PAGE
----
How can the Gospel of Mark be connected with eyewitness testimony about Jesus? Papias expresses his preference for eyewitness oral testimony about Jesus' words and deeds over written works: "What was to be gleaned from books was not so profitable to me as what came from a living and abiding voice." Papias distinguishes what disciples like John the son of Zebedee used to say orally from what still living disciples, Aristion and John the Elder were currently saying on their visits. Papias (c. 60-130 AD) is early enough to have conversed with the eyewitnesses or to have heard what they were saying during their visits. What Papias learns from John the Elder, probably one of the 70 disciples outside the circle of the 12, implies that Mark provides Peter's teaching notes: "[John] the Elder also said this: "Mark, being the interpreter of Peter, whatever he remembered, he wrote accurately, but not in order, that these things were spoken or done by our Lord. For he neither heard the Lord nor followed Him, but afterwords, as I said, he was with Peter, who did not make an ordered account of the Lord's sayings, but constructed His teachings according to "chreiai" [= concise self-contained teachings]/ So Mark did nothing wrong in writing down single matters as he remembered them, for he gave special attention to one thing, of not passing by anything he heard and not falsifying anything in these matters (Eusebius HE 3.39.15)." Both Papias's testimony and the unusual number of Latinisms in Mark establish Rome as the most likely locale for this Gospel's origin. For that reason, Justin Martyr's reference to Mark as the memoirs of Peter is another important witness to its connection with eyewitness testimony to Jesus' life: “And when it is said that He changed the name of one of the apostles to Peter; and when it is written in his memoirs that this so happened, as well as that He changed the names of other two brothers, the sons of Zebedee, to Boanerges, which means sons of thunder (Justin, Dialogue with Trypho 106:3)." Mark (3:16-17) is the only extant Gospel that records Jesus' assignment of "Boanerges" (= the Thunder Boys" or literally "the sons of thunder") as a nickname for James and John. The nickname likely reflects Jesus' witty response to James and John's desire to call down a lightning strike on a Samaritan village for their rude treatment there (Luke 9:52-55). Justin's lifespan (estimated at 100-165 AD) is close enough to the NT era to have access to reliable oral tradition. What makes Mark uniquely credible are embarrassing details about Jesus that are not likely to be invented. Consider these 4 cases in point. (1) Mark implies that Jesus tried and failed to perform miracles in His home town: "He could do no deeds of power there, except that He laid hands on a few sick people and cured them (6:5)." NT scholars recognize the awkwardly worded except-clause as a later gloss. If this clause were authentic , we would expect the text to read, "He could do only a few deeds of power there." (2) the concession that Jesus' own family did not consider His ministry legitimate: "When His family heard it, they went out to physically restrain Him; for they were saying, He is out of his mind (3:21)!" Jesus: "A prophet is not without honor except in his hometown and among his own kin and in his own house (6:4)." John 7:5 provides further support of the skepticism of Jesus' family: "Even His own brothers didn't believe in Him!" (3) the implication in 8:22-26 that Jesus needs 2 attempts to complete the blind man's healing. (4) Mark's willing to quote Jesus as apparently denying His personal goodness and eve distinguishing Himself from God: "Why do you call me good? No one is good but God alone (Mark 10:18-7-18)."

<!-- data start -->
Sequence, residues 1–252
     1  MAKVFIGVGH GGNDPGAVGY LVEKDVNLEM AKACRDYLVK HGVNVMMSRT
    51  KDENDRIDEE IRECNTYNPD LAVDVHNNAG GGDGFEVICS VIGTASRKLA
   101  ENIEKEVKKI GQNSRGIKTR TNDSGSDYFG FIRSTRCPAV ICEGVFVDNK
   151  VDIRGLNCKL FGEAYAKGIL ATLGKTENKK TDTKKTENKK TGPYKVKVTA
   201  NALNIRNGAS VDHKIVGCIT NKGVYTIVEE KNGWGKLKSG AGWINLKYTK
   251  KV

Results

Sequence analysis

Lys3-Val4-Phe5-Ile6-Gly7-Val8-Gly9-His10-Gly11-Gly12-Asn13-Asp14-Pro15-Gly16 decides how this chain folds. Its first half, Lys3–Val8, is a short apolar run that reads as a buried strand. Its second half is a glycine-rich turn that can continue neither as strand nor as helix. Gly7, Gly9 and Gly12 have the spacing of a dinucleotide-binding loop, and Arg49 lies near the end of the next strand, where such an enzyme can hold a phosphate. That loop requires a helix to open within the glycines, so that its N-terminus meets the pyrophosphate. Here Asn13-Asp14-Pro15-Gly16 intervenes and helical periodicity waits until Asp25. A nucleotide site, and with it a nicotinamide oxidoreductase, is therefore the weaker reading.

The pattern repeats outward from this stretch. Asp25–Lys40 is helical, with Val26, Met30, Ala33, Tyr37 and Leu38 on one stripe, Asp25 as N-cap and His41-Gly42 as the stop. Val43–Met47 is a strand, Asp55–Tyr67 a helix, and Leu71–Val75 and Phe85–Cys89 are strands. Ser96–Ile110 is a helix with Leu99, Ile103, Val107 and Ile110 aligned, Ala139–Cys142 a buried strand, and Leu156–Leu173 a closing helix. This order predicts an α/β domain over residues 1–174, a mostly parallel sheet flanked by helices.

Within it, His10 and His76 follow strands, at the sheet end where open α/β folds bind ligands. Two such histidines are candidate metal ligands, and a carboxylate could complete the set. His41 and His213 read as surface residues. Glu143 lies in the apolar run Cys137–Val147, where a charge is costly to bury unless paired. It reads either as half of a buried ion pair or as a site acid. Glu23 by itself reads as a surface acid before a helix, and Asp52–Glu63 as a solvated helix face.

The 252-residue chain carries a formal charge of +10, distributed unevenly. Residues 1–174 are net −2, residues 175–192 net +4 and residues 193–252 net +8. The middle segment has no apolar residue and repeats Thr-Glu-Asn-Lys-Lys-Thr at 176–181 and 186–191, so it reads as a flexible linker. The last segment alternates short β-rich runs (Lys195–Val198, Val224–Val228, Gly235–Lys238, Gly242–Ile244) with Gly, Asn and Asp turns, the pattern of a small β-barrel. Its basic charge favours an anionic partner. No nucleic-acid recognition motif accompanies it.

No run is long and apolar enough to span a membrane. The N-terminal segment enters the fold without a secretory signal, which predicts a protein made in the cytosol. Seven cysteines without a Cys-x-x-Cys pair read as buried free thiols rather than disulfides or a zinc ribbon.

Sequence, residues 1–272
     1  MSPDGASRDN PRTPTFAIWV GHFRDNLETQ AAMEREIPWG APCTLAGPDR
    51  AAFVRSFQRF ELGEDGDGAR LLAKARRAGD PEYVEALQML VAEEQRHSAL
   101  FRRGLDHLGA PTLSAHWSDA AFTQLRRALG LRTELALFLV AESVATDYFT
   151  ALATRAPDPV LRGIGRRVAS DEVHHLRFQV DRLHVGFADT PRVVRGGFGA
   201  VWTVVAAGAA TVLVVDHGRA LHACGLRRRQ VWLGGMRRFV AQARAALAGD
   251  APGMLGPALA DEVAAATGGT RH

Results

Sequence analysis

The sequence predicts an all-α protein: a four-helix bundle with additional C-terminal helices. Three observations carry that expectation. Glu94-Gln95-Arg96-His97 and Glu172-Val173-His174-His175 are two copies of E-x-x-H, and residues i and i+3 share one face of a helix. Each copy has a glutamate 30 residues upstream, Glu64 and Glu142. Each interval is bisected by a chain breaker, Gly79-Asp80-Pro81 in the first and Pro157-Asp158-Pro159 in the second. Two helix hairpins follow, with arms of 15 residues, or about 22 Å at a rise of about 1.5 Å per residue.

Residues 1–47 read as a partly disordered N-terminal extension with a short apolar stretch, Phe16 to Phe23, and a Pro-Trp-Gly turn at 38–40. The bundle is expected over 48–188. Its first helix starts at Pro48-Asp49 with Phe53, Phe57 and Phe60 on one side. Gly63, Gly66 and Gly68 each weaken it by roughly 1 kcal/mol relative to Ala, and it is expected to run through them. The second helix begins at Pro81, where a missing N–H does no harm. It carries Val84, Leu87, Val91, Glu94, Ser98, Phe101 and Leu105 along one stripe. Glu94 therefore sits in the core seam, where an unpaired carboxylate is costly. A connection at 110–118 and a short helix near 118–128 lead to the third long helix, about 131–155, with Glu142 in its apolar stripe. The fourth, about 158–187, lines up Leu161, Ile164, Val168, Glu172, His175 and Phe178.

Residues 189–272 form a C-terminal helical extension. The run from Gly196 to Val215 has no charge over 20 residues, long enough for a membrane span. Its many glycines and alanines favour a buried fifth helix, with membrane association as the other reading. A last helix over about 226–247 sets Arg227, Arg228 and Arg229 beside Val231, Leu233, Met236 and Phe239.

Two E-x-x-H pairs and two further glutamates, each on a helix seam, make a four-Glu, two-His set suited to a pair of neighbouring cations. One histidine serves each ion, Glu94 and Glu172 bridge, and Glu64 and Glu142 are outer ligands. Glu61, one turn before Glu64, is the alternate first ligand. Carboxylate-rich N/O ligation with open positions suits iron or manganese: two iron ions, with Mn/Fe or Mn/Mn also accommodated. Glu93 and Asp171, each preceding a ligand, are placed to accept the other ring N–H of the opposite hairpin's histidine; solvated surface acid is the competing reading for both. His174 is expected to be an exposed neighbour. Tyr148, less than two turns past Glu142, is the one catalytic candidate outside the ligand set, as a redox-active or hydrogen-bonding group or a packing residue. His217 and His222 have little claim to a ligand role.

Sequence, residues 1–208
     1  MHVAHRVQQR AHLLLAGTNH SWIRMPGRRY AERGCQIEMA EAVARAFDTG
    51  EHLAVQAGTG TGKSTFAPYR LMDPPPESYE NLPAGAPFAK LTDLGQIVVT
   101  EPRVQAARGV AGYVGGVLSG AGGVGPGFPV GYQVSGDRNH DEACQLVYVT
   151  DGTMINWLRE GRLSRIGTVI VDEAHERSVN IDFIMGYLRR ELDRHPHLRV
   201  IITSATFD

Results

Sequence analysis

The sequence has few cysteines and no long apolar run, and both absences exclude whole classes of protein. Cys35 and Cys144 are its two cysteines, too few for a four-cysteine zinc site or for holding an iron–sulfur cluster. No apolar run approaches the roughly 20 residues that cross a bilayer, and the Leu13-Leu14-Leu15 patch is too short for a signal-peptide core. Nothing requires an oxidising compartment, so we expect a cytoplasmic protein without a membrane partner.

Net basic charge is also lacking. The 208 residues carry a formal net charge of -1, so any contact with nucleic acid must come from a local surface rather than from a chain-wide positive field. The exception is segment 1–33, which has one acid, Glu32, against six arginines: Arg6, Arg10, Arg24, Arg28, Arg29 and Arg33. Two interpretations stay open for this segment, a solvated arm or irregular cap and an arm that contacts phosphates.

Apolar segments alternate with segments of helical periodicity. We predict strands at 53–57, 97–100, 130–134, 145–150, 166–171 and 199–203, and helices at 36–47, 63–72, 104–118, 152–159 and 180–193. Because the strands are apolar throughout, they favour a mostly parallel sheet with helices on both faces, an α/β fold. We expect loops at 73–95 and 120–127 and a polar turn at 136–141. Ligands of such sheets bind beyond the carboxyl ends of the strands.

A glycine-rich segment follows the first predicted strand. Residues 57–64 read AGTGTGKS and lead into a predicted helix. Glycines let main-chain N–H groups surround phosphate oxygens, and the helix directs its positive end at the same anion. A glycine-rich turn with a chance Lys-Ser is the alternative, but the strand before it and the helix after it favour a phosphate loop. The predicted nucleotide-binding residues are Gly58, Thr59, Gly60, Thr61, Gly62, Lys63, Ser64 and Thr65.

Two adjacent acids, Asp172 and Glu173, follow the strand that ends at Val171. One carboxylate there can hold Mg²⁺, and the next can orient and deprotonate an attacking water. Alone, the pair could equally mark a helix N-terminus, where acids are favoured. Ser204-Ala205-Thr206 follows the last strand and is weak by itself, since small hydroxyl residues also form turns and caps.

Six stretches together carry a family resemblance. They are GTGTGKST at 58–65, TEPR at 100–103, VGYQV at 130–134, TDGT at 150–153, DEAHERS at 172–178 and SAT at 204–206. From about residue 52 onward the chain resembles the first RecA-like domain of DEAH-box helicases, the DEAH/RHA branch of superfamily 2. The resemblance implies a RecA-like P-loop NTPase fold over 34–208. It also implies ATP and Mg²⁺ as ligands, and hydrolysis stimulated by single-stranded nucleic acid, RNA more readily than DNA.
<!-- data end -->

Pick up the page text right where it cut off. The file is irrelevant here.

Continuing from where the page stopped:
10. 1 point
    (2) By the time I was 6 I had learned to hate church. There was no children's church or Sunday school for my age and Church bored me because I couldn't relate to much of the 1 1/2 hour services, especially the sermons. So I squirmed and protested in our pew and made myself a nuisance to my parents. My parents were weekly attenders, but one Sunday they stayed home for reasons I never understood. I suspect the nightmare of dealing with my hissyfits was part of the reason! I was so glad to escape church that sunny and clear July morning! God was the furthest thing from my mind. To celebrate I zoomed up and own the sidewalk to the ends of our block on my little tricycle. Then I noticed the big new blue Chevy with huge tailfins parked behind the Jewish shoe store salesman's building. Evidently he had just waxed and polished it and it just glistened as it reflected the brilliant sunlight. To me it was the most beautiful thing I'd ever seen; so I constantly road back to it to stare in wonder. Once, when I returned, I had my first life-changing God moment. For some strange reason, my attention was directed to a patch of blue near the sun. As I gazed at it, wave after wave of liquid love surged through my being. Suddenly I became acutely aware of the presence of a God who loved me and I just basked in that love! I told my parents about my experience, but they didn't seem very interested. That all changed a few days later when neighbors came over to tell my parents how impressed they were that I was excitedly sharing my embryonic new faith with my playmates. I knew little about God and the Bible and I have always wondered what I was saying about God and my experience to my little playmates. This experience didn't make me want to sit through church, though. Now Dad sang in the choir and my parents now let me sit by myself. This was fortunate because it allowed me to I sneak out of church to buy lifesavers at the little grocery store across the streets from the church. As I ate them, I browsed the comic books on the store shelves. The owner eventually got annoyed by my regular presence and shooed me out his store. So I ate my lifesavers outside and began to meditate on the meaning of my life.